Running – it’s just brilliant isn’t it? And marathons? They’re pretty brilliant too. And running through the night? It’s a bit tough, but ultimately brilliant. Okay, I’m being a bit facetious but that’s basically the gist of this memoir-cum-celebration of running by the BBC Radio 2 sports reporter and all-round nice guy, Vassos Alexander.
Don’t Stop Me Now is structured around the 26.2 miles of the particularly gruelling marathon that Vassos ran at the end of an Ironman. Each chapter opens with a section revealing what was going on in his mind and body during a particular mile. Vassos then talks about a different aspect of running, such as his favourite races, going barefoot or nutrition, before finishing each chapter with a short contribution by a different guest writer.
And what a cast of guest writers it is! It’s a Who’s Who of celebrity British running, including Paula Radcliffe, the blokes who present Marathon Talk, Alistair Brownlee and Helen Skelton from Blue Peter. My favourite contribution was from former US 100m world record holder Donovan Bailey, who says “I decided to go for a 22-mile run, which as a sprinter, is just the worst thing in the history of the world”. This can only be a reference to him taking on the Man vs Horse race in 2015, where one of my clubmates said by the end he looked (and I’m paraphrasing here) “rough as a cow pat”.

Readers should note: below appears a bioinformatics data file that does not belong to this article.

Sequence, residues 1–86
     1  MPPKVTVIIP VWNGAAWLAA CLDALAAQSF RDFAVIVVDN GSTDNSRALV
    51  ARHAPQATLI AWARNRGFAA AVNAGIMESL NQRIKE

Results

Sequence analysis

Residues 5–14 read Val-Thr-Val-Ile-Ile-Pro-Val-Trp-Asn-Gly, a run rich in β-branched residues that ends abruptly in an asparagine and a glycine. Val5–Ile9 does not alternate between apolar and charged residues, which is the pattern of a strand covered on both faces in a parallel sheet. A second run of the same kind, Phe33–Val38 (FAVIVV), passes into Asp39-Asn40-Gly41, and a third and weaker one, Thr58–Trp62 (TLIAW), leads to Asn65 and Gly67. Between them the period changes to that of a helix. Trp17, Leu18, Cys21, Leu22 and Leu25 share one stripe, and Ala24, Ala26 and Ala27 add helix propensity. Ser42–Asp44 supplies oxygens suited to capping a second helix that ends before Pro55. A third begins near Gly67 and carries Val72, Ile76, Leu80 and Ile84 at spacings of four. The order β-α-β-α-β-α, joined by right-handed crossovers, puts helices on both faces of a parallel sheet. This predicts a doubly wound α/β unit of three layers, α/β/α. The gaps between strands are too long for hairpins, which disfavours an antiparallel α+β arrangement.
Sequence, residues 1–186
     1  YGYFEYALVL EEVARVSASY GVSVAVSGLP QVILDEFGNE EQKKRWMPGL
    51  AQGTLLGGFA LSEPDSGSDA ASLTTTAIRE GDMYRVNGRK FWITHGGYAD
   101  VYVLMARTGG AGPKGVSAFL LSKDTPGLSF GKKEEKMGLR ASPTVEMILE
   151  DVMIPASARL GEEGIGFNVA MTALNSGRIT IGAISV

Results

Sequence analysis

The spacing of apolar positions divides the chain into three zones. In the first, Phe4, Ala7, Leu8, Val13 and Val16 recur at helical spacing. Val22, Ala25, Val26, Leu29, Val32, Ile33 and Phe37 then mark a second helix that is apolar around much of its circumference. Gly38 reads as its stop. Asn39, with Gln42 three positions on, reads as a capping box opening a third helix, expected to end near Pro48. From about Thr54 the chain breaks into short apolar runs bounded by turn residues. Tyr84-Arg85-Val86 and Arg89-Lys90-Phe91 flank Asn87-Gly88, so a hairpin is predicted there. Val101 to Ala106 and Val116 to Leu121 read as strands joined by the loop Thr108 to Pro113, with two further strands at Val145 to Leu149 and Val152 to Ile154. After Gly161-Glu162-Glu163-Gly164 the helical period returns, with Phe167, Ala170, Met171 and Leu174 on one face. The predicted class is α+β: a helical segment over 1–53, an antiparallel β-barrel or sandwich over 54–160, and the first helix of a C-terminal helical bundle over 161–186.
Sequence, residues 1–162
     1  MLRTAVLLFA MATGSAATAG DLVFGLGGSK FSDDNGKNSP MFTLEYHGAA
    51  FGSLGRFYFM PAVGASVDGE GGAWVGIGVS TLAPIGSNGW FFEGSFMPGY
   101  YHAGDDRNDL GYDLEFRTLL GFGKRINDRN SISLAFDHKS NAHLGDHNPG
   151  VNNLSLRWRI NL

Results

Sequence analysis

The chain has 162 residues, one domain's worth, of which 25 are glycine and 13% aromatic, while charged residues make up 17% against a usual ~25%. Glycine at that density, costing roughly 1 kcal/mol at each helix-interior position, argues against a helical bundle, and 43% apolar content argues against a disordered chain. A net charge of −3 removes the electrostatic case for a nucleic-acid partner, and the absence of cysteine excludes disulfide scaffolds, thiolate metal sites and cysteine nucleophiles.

So yes, it’s impossible not to smile at this book – Vassos is so relentlessly positive and chirpy. That being said, I did find his reference to a horrible-sounding long-term injury sustained in the Ironman somewhat at odds with the tone of the rest of the book: “my calf took weeks to recover and my knee never has…that left knee still hurts most days, appallingly so if I twist or jar it”.
But then he lets us know that he used the downtime from running to do other sports, such as open water swimming “which was (and is) completely ace”. Order is restored.
I think what this review boils down to is that I’m not the right audience for this book. I suffer from the critic’s curse of having read too many running books, so I find it hard to get excited about something as lightweight as this. However, I don’t think it’s just me – I doubt that long-time runners will find much in here that’s new or particularly revelatory. There are other memoirs that I would argue are more inspiring for the experienced runner (e.g. Feet in the Clouds).
For the right audience though, this will be a cheery, get-your-trainers on, read. For those who are relatively new to running or thinking about getting into it, hearing Vassos’ assorted tales should provide a lot of positive encouragement, and reassure you that you are not going mad. He might even make you try new things, such as parkrun, trail running, joining a running club, and yes, even a marathon. If the book helps people get more joy out of their new-found sport, then all I can say is, well…brilliant.